I can't blame him. When he was living in Bangkok, he had two young mistresses; he was living together with one and seeing the other whenever there's opportunity. His Thai girlfriends treated him like a king, even though they knew very well that he has a wife back in the States. A decade of pampering in the East has made it difficult for R. to adapt to life back home.

It is probably a bit surprising that there's indeed such a thing called true love, which ultimately binds a man and a woman together for life. Despite his infidelities elsewhere, R. still chose to return to his wife, for deep down inside he loves her. He could have easily chosen to settle down with a younger and prettier woman in Thailand but in the end, the strength of a relationship is not based purely on lust (though it often provides a good starting point). So my friend R. obediently endures a lesser existence back in the United States of America, because true love always triumphs over lust.

Conclusion: a man will always return to the woman he loves, even though he might conveniently hop into the bed of a few others along the way.

But hold on there: from a woman's point of view, that is not good enough. And understandly so. There's no question that a man will not tolerate a bed-hopping spouse; why shouldn't men be subjected to the same moral standards too?

Maybe the male-dominated world out there gives women a raw deal. I've blogged before here and here on how easy it is for men to stray, simply because whenever and wherever there's a need, there are more than enough willing suppliers. For the male traveller in a foreign land, sometimes it is easier to find women than food.

Should women then take all this lying down (pun not intended)? Is there something that they can do against this injustice? What weapon can women wield against men?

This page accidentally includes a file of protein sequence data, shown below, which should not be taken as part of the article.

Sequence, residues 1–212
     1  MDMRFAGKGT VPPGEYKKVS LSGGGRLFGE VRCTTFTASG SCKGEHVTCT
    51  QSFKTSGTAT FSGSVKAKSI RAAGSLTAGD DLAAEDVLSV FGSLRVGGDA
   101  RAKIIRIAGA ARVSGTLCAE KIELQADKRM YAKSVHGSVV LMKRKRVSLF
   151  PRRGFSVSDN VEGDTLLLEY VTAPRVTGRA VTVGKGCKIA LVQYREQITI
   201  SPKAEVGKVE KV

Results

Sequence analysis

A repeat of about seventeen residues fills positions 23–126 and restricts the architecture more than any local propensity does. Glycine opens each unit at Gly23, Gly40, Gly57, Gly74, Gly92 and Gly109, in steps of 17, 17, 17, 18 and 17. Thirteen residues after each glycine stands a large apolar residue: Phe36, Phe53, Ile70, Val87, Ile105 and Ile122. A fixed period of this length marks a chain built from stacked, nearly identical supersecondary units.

I belong to the male species, so it is politically incorrect for me to suggest anything :-) But one can find the answer within the problem itself. I have already given a bit clue in a previous posting.

Perhaps some words of wisdom from the Marquise de Merteuil, played by Glen Close in the movie version of Dangerous Liaisons, will serve to clarify my point:
When one woman strikes at the heart of a man, she seldom misses, and the wound is invariably fatal.

Monday, March 14, 2005

Body Talk

Body Talk

After taking my mind off work completely on Sunday, I feel a lot fresher and energetic today. Driving around town in the stifflingly hot weather last week had taken its toll on me. I felt the first rumblings of sickness creaping into my body. So I decided that a full day of complete rest would be my remedy.

And it worked. I'm back on my feet again, ready to pounce on the world. It also got me thinking: most of us don't really spend our weekends resting. Yes, we don't go to work, but we continue occupying ourselves with a thousand and one other diversions--shopping, movies, TV or clubbing until the wee hours of the morning. These things help us take our minds off work but unfortunately they don't help to rest the body. We are continuously bombarded by a variety of sensory input which automatically triggers a series of chemical responses inside us. Hence the body remains hyperactive. If you believe what Daniel Reid says in the Tao of Detox, the body needs at least a few days of complete rest before the elimination system can start kicking in and thoroughly remove all toxins from the body.

When it comes to health, we all have our pet theories. I am inclined towards the natural healing school, though I'm not fanatical about it. I dislike taking any kind of medication, even health food in tablet form, because I have this superstition that anything that's processed will have some harmful side-effect. Of course, I am not consistent in following this principle either (I'm too fond of Indomie and Maggi Mee).

I utterly dislike soft drinks (they are too sweet) but I'm fond of alcoholic ones. I like cheap, simple and unelaborate food but sometimes I think I stretch my luck a little bit by eating at visibly dirty places by the roadside. I cannot claim that I take very good care of my body (though I try hard to spend time listening to it), but at least I cannot be blamed for spending more money on my car than on my health. You see, I don't even bother to take care of my car at all! I consider owning a car a big hassle--I would rather do without it someday.

But I suppose we all can't escape from taking care of this all-important vehicle that we own--our body. If we believe what the Theosophists and mystics say, we have a total of seven bodies that overlap one another--the astral and etheric bodies being the most well known ones. Well, someday I'll blog about these esoteric things.

For the meantime, let's be grateful that this body that we possess is still serving its purpose well. Someday, we'll have to discard it, and when we do, hopefully we'll possess enough wisdom not to be too attached to it.